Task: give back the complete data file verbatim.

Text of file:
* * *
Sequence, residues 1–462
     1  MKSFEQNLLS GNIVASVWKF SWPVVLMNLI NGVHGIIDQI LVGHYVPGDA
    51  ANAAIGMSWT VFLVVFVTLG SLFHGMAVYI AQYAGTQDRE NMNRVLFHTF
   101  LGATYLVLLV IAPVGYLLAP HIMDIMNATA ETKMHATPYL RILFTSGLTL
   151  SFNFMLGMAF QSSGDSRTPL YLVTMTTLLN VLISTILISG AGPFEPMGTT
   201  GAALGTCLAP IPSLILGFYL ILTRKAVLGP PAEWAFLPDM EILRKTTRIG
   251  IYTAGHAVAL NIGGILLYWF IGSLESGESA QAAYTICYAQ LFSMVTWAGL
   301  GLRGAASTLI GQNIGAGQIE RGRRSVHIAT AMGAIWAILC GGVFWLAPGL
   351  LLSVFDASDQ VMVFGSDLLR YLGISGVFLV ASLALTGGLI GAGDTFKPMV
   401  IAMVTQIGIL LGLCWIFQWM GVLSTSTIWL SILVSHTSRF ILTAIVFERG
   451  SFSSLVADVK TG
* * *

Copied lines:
Sequence, residues 1–462
     1  MKSFEQNLLS GNIVASVWKF SWPVVLMNLI NGVHGIIDQI LVGHYVPGDA
    51  ANAAIGMSWT VFLVVFVTLG SLFHGMAVYI AQYAGTQDRE NMNRVLFHTF
   101  LGATYLVLLV IAPVGYLLAP HIMDIMNATA ETKMHATPYL RILFTSGLTL
   151  SFNFMLGMAF QSSGDSRTPL YLVTMTTLLN VLISTILISG AGPFEPMGTT
   201  GAALGTCLAP IPSLILGFYL ILTRKAVLGP PAEWAFLPDM EILRKTTRIG
   251  IYTAGHAVAL NIGGILLYWF IGSLESGESA QAAYTICYAQ LFSMVTWAGL
   301  GLRGAASTLI GQNIGAGQIE RGRRSVHIAT AMGAIWAILC GGVFWLAPGL
   351  LLSVFDASDQ VMVFGSDLLR YLGISGVFLV ASLALTGGLI GAGDTFKPMV
   401  IAMVTQIGIL LGLCWIFQWM GVLSTSTIWL SILVSHTSRF ILTAIVFERG
   451  SFSSLVADVK TG